In an effort to determine the best way to develop the property from a marketing perspective, the Boustanys retained Oubre to do a master plan. An international consulting firm, Economics Research Associates, was called in to value it for its highest and best use, which was determined in a January 2007 report to be an urban TND. Initially, the family hoped to joint venture the project, selecting five or six potential partners. It’s unclear how many groups responded to the inquiry — Boustany family members did not return calls for comment by press time — but the list of potential bidders was narrowed to two, Daigle and The Bayer Group out of Birmingham, Ala. D.B.H. “Black” Chaffe, the Boustanys’ New Orleans attorney who had been handling much of the negotiations, then asked the two groups for a more detailed plan for the site. That’s when Daigle called in his planner, Oubre, but not before first getting an assurance from Chaffe that Oubre had no conflict of interest from the family’s perspective.
In the months that followed, the family decided to bow out as a potential co-developer and signed the purchase agreement with Daigle’s group just before the end of the year.
While there can be anxiety with any new development of this scale — River Ranch has its share of critics who assail its elitist posture and real estate prices out of reach to many middle-class residents — what’s undeniable is the economic impact such TNDs can have on a parish’s tax coffers. Last year the Boustany sisters, who sat on the property for years after inheriting it from their father, the late Frem Boustany Sr., paid about $360 per year in city and parish property taxes for 125 acres of what’s still assessed as agricultural property. “Ag land is not reclassified to commercial simply because the land around it has been converted to commercial,” says Lafayette Parish Tax Assessor Conrad Comeaux. “As long as the property continues to be used for agricultural purposes [hay bailing, in this case], it keeps the ag classification.” If the property itself had been classified as commercial, it would have generated approximately $230,000 in parish taxes and $48,000 in city taxes in 2007.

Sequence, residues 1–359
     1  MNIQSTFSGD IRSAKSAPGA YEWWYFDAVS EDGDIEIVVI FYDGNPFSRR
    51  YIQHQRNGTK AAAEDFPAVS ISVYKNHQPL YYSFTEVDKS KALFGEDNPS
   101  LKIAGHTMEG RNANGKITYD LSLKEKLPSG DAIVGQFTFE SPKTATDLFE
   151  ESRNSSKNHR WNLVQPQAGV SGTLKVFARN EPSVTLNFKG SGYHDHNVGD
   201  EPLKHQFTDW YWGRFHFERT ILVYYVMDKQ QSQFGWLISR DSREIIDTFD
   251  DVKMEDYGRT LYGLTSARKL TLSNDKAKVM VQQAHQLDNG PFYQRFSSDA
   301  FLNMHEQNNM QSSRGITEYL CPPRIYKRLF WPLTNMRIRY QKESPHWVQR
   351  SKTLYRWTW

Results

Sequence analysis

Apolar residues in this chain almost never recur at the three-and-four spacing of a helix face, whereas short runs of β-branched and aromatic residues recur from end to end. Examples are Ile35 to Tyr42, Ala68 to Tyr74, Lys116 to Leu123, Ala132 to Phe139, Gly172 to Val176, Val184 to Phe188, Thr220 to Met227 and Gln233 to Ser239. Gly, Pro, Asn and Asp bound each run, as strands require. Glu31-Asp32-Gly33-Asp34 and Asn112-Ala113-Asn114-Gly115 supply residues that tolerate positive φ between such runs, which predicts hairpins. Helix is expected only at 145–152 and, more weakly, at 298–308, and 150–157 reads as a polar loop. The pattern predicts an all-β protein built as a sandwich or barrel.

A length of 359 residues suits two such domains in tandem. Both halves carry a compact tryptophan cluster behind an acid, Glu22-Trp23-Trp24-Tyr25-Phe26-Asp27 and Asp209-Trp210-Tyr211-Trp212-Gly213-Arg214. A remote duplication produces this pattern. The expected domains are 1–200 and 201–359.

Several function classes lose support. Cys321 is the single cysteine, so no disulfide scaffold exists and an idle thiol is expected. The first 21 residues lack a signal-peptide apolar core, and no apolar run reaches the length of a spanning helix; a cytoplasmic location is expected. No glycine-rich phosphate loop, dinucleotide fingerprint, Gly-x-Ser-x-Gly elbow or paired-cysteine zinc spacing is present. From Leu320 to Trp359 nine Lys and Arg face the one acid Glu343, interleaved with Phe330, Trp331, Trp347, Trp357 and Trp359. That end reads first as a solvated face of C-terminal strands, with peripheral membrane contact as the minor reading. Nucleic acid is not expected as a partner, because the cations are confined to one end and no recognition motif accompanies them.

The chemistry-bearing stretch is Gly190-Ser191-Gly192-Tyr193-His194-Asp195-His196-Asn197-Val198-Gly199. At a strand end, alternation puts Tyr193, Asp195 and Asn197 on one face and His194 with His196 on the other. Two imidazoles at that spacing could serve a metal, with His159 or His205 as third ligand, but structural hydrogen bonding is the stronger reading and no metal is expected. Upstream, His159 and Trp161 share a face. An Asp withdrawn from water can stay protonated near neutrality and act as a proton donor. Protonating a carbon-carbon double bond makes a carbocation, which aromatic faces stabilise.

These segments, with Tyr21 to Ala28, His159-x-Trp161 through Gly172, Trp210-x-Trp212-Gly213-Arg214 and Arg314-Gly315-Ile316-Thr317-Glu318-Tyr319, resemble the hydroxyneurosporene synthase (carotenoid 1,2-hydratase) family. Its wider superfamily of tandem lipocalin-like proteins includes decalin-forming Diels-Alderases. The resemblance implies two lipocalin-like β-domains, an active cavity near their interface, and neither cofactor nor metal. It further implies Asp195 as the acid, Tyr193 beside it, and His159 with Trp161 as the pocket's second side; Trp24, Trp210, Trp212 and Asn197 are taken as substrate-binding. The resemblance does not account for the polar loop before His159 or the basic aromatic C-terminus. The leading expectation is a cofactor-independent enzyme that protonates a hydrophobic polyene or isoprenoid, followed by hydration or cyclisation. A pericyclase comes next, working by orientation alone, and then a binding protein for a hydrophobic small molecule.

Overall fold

Once fully developed, the urban TND will send millions annually in property taxes to the parish. River Ranch generated $2.2 million in property taxes in 2006, Comeaux says, and once commercial additions like Main Street and Fresh Market are assessed, that number should increase considerably.
According to Daigle’s calculations, the new TND’s 350,000 square feet of retail space are expected to generate annual sales of about $350 a square foot; that’s about $122 million in sales of goods that will be boosting tax collections that fund services throughout the parish.
Ten years ago, Daigle, now 57, said if River Ranch were successful he’d retire. Now the lawyer-turned-developer says he just didn’t know how much he’d enjoy the work — and the challenges he encounters every day. Faced with running out of land for future development of River Ranch, he turned his attention to Youngsville a few years ago and is about to take another gamble. Before the first penny is generated on the Boustany property, he and his partners will have invested $60 million at a 125-acre site that’s roughly a half mile from the development that made Robert Daigle and Steve Oubre the most recognized names in the TND movement throughout the South.
Daigle no longer has any plans for retirement.